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Being mostly retired now and living in Florida, I still venture up to New York for a few months every year to do some work for a very large and very successful company. I work for several different bosses in that company and they all have something in common. They treat employees as though they were thrilled to see them every day. They shake hands a lot and tell you what a great job you’re doing, and at the end of the day as you are leaving at least one of them will always come up to you and say, “Thank you for today.” Now that may not mean a whole lot to some people but it impresses the heck out of me. It always makes me want to come back tomorrow.

Respecting suppliers

Having a good attitude toward your suppliers is important. You want to be the person that if there is only one left on the shelf they will see that you get it as opposed to another customer who doesn’t treat them so well.

I’ve been in several shops that treat their parts suppliers like punching bags and then expect special favors. They make them bid on every order, chew them down on price and/or constantly hang out the threat of going somewhere else, they put unrealistic time constraints on deliveries, and they return parts as defective that really aren’t. Some do it just because they have a rotten attitude but many more do it because they aren’t good at selling. They don’t feel they can get a good price for their work so they try to make up for it by buying parts and supplies as cheaply as they can. Personally, I never wanted cheap. I wanted good because the cost of the comeback could never be justified by the few dollars saved buying cheap parts. I also felt that the time it takes to shop for the cheapest price could be far better utilized making money at other aspects of the business.

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Respecting customers

Your attitude toward handling comebacks can mean the difference between retaining customers who may give you another opportunity to serve them or losing them and any referrals you might have ever gotten. A comeback is really an opportunity to correct a mistake before a customer takes any other action against you; so in a way you should be grateful that they brought it back to you and not to some other shop followed by a visit from their lawyer.

I always thanked customers for bringing problems to my attention and then proceeded to fix the issues immediately and properly while being as courteous as I could be. I would offer them a loaner car or a ride home, I would give them a coupon for a free oil change or car wash. I would do all this for two reasons. One is that I realized that they didn’t break it, it wasn’t their fault, it was mine. They paid me good money to fix it and I didn’t, so I owed them. The second reason is that, with the modern forms of communication and social media, a few unhappy customers who post that you weren’t thrilled about fixing your comebacks can come close to putting you out of business. You must resolve all customer complaints promptly and pleasantly. Then you need to follow up after a few days to make sure they are happy not only with the fix but with the manner in which you treated them as well.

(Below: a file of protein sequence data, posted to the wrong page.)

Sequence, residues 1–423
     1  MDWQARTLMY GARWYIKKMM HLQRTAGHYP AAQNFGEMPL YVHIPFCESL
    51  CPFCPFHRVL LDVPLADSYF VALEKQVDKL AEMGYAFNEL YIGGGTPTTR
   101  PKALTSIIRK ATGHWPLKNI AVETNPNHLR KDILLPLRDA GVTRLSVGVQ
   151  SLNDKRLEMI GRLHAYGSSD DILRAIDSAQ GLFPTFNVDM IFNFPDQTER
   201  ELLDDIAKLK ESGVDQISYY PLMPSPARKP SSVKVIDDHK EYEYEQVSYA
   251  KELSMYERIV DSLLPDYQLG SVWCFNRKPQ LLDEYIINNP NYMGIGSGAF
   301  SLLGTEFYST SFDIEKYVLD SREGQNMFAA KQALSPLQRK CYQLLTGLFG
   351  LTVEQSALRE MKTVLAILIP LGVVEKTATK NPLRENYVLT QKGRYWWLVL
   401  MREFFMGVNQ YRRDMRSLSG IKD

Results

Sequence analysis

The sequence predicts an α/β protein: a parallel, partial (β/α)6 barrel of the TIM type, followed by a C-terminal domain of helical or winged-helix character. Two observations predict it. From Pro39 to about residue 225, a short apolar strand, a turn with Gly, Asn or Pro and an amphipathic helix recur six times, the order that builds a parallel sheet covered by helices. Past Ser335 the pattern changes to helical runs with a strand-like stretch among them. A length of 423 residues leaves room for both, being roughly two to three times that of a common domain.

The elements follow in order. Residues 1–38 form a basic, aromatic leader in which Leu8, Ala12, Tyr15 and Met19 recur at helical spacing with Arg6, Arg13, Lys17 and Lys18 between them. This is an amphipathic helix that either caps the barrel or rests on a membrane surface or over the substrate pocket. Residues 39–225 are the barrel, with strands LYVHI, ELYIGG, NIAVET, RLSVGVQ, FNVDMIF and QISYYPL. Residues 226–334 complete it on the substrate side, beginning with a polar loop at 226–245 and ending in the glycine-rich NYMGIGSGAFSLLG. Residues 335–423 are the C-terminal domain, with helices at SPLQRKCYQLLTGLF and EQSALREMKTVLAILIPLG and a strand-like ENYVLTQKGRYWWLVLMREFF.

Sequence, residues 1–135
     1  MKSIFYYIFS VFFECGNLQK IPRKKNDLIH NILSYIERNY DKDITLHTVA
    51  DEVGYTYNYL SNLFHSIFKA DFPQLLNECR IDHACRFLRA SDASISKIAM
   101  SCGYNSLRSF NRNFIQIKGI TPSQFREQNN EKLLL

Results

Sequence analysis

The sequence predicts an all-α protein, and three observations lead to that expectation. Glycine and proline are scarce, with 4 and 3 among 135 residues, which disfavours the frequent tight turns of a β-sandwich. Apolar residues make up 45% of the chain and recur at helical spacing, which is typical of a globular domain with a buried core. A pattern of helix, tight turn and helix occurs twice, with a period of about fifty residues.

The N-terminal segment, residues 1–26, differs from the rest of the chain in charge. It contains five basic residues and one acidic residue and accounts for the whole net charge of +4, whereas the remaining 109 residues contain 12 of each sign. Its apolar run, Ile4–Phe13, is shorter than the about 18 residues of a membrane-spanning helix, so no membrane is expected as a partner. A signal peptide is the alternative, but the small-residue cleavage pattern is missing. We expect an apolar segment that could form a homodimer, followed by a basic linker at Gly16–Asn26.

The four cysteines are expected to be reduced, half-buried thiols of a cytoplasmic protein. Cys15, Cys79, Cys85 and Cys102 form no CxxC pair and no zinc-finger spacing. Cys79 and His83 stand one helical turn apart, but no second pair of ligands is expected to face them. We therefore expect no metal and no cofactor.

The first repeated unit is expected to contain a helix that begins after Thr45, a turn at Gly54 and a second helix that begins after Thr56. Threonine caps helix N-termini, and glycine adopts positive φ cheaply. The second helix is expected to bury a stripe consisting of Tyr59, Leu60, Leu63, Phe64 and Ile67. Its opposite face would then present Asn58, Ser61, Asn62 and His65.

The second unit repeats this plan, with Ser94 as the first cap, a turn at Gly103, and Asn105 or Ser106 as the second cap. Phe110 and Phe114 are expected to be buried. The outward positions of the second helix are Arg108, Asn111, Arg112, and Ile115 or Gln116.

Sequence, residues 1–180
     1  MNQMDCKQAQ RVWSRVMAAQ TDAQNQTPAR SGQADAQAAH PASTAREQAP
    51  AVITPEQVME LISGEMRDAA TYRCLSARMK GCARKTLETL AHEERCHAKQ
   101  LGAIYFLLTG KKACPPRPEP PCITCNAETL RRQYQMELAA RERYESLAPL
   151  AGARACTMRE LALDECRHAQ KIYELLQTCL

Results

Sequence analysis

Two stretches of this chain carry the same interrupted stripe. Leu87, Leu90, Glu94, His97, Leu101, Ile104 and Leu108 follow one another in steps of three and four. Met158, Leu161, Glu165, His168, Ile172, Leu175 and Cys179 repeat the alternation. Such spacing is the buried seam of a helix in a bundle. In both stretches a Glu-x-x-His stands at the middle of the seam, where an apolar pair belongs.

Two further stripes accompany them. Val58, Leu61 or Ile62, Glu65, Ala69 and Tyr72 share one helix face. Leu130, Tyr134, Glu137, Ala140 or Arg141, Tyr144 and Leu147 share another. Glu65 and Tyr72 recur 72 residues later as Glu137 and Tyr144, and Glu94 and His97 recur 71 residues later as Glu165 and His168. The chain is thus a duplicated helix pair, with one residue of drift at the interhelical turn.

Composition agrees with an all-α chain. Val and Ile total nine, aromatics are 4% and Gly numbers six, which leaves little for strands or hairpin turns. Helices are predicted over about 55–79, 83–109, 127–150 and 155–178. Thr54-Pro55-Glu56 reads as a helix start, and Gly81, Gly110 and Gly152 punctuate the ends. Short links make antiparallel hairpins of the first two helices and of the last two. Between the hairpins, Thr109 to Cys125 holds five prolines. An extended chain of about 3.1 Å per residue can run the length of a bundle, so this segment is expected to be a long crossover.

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My attitude toward comebacks was that they were nothing more or less than another part of doing business. In most transactions we are making money; in this one we are losing. I called it “loss mode.” As soon as a car came back and it was determined that the transmission we built and installed would have to be removed and somehow repaired, I immediately resigned myself to having lost all the profit that was in this job. The only things left to salvage were the customer and our reputation. What’s interesting is that resolving issues with a comeback is usually more difficult than working on a fresh job, so you put more resources into it for a much smaller return. It’s a necessary evil, but it’s one you signed on for by coming into this trade so do your best to make something good come out of it, even if that good is only a learning experience. Just make sure you handle it with grace and dignity.

The attitude of an expert

Is it OK to tell customers that you are an expert at what you do? I think it’s not only OK but very important that they think you know much more about it than they do. The degree of difficulty and having customers realize that they can’t do this kind of work themselves makes it worth whatever you have to charge for it. While customers tend to look at us as just mechanics or grease monkeys, if we are experts, that puts us on an entirely different level in their minds.

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Your attitude toward yourself, the business, the employees, and the customers can make or break it for you. Remember that you are on stage all day, every day, from the moment you walk into the shop till the time you leave at night. A good attitude will definitely help you to give a great performance.